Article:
In preparation for opening the Italian-focused Che Fico in San Francisco, chef David Nayfeld took a little R&D trip to Emilia-Romagna to basically eat his weight in pasta. Here’s where he hit up along the way.
After working at fine-dining temples in New York City—Eleven Madison Park, Cru—chef David Nayfeld is venturing into slightly different territory. Rustic Italian.
Opening soon, he unveils his years-in-the-making project with chef (and fellow Eleven Madison Park alum) Angela Pinkerton. It’s called Che Fico, and it’s focused on food all over Italy, not just one specific region.
But to prepare for opening the restaurant, Nayfeld took an R&D trip to Emilia-Romagna, where he ate his weight in pasta.
“The beauty of Emilia-Romagna is that you can explore so many cities in a short amount of time, and each is famous for their own export or specialty,” says Nayfeld.
Follow the chef to see all the spots he sought out in Italy.
“When I travel to Emilia-Romagna, I always fly into Bologna’s airport. It’s on the smaller side, so it's easy to navigate. Plus, it’s right by one of the most classic trattorias in Bologna. Swing by for lunch, so the light comes into the old-school restaurant, highlighting the quirky white and red tablecloths and mint-green chairs. But the order here is the tagliatelle al ragù, my favorite dish in the whole city.”
“Walking through Bologna’s city center, you’ll find beautiful architecture as well as a number of shops selling cured meats, cheese, pre-made pasta and wines. This well-curated shop is my favorite of the bunch, so I like to grab some meat and cheese to snack on.”
“If you’ve got a sweet tooth, head to this hidden spot in a brick-lined Bologna building. I really enjoyed the grapefruit gelato. It was super refreshing, the perfect balance of bitter, tart and lightly sweet.”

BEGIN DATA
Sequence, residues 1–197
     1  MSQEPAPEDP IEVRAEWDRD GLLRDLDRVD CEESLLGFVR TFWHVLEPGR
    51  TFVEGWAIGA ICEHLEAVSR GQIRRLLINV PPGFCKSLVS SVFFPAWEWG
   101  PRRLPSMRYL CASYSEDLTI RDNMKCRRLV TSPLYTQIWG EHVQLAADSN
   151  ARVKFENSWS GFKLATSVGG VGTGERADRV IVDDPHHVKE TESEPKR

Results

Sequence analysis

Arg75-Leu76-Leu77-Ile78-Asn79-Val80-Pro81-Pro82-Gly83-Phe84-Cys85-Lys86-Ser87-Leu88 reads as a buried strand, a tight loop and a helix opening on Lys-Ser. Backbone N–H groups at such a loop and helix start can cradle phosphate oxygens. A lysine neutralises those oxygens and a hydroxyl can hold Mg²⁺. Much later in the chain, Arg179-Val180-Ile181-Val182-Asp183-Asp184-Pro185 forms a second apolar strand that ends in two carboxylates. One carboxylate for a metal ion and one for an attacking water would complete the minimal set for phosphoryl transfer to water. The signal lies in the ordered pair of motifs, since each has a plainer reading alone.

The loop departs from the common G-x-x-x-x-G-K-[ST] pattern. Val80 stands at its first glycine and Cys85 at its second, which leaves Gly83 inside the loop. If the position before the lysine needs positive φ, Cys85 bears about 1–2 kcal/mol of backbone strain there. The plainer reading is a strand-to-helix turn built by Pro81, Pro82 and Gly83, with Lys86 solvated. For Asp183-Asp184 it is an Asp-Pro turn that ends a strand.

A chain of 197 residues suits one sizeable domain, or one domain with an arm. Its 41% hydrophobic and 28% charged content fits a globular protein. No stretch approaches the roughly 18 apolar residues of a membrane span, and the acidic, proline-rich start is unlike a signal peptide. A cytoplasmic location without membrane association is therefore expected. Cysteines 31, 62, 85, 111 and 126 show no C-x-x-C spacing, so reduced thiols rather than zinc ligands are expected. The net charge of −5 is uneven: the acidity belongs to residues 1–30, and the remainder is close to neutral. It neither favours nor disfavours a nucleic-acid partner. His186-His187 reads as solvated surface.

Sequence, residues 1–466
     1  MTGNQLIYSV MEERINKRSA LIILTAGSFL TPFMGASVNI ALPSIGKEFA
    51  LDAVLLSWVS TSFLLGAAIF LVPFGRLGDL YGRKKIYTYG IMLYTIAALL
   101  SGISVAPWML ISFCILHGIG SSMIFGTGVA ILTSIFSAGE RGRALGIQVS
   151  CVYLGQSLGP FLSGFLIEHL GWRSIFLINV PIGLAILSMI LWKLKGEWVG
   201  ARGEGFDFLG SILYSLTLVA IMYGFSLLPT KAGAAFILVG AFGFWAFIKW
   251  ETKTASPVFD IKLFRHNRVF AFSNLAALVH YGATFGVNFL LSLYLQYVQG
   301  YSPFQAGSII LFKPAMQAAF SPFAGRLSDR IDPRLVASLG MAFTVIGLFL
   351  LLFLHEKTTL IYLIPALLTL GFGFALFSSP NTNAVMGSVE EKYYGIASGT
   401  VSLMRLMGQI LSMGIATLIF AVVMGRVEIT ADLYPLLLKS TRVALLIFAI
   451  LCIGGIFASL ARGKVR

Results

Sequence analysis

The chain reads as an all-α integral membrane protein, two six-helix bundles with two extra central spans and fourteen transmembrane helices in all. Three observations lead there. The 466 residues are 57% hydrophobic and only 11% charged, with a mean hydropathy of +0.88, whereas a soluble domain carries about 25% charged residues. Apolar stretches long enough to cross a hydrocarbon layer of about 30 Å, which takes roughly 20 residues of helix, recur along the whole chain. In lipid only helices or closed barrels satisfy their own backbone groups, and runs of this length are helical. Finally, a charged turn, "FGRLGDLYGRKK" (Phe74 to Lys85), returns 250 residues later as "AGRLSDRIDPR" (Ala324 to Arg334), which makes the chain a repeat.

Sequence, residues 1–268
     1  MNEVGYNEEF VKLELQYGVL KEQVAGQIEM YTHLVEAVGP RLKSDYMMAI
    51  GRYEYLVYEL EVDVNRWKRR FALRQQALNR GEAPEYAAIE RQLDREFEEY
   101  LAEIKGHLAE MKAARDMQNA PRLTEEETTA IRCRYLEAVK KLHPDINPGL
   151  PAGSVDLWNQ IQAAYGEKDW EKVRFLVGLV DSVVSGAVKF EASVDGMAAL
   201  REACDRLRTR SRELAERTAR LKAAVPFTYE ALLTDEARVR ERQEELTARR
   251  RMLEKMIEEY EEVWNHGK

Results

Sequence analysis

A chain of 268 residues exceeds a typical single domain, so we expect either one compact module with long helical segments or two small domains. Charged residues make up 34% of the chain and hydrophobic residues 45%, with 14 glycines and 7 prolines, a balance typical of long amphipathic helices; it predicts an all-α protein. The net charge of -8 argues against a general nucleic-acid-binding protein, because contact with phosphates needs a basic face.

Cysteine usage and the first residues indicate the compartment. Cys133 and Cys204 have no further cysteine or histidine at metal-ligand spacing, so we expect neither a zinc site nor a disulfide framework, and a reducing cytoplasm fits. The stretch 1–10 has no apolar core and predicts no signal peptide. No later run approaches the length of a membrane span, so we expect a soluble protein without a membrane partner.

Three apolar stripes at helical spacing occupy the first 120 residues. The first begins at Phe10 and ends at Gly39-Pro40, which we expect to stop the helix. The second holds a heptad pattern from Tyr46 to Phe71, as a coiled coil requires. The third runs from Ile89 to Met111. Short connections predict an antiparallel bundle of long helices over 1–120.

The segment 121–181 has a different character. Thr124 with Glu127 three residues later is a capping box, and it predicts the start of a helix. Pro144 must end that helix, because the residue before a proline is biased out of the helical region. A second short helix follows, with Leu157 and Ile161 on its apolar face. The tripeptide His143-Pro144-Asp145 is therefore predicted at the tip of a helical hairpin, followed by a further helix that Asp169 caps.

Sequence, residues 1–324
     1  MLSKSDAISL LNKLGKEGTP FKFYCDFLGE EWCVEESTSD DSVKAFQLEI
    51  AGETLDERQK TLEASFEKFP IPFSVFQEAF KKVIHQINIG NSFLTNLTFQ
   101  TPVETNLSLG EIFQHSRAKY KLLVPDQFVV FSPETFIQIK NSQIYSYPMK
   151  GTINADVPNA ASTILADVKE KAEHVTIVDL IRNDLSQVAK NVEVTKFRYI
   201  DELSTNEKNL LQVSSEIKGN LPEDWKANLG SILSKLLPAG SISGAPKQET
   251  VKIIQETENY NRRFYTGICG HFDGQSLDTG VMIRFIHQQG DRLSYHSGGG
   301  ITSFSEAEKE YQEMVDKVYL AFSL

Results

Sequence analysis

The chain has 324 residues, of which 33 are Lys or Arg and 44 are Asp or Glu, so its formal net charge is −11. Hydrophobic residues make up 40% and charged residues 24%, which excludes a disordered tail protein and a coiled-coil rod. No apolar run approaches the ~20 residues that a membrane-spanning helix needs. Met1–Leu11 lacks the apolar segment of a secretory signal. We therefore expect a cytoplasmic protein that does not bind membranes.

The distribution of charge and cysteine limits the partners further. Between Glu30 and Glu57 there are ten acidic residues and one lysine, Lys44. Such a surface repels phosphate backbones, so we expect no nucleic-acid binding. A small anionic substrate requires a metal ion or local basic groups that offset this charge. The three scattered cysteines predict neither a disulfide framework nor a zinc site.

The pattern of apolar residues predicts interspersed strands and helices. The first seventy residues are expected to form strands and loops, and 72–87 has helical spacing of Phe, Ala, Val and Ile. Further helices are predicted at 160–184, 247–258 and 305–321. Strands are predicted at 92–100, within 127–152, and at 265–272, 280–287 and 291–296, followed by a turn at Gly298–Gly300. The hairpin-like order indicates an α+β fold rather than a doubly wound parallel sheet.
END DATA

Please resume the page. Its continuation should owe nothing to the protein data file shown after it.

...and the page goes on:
“Drive an hour southwest of Bologna, and you’ll find yourself in Savigno, the city of truffles. It’s best to go between October and January, and my favorite hotel to book there is Locanda Amerigo. The owner also has this homey restaurant close by, which specializes in regional classics. Order the tagliatelle al ragù, tortellini en brodo and passatelli con tartufo.”
“After stopping into one of the cafes for a quick coffee and cornetto, get in the car and drive to Parma, which is less than an hour away. After filling up on prosciutto and Parm or seeing the opera, make sure you get some pasta at this white-tableclothed restaurant. You can taste multiple preparations on one plate, which I like especially if you’re not with a group and don’t have the luxury to order multiple plates.”
“The final stop for me was in Modena, home of balsamic vinegar. You can tour production facilities and try different vinegars through booking Zest of Italy, but save yourself for this rustic hotspot. You need to reserve in advance—they only have four tables! When you arrive, go with the gnocchi fritto and some mixed salumi.”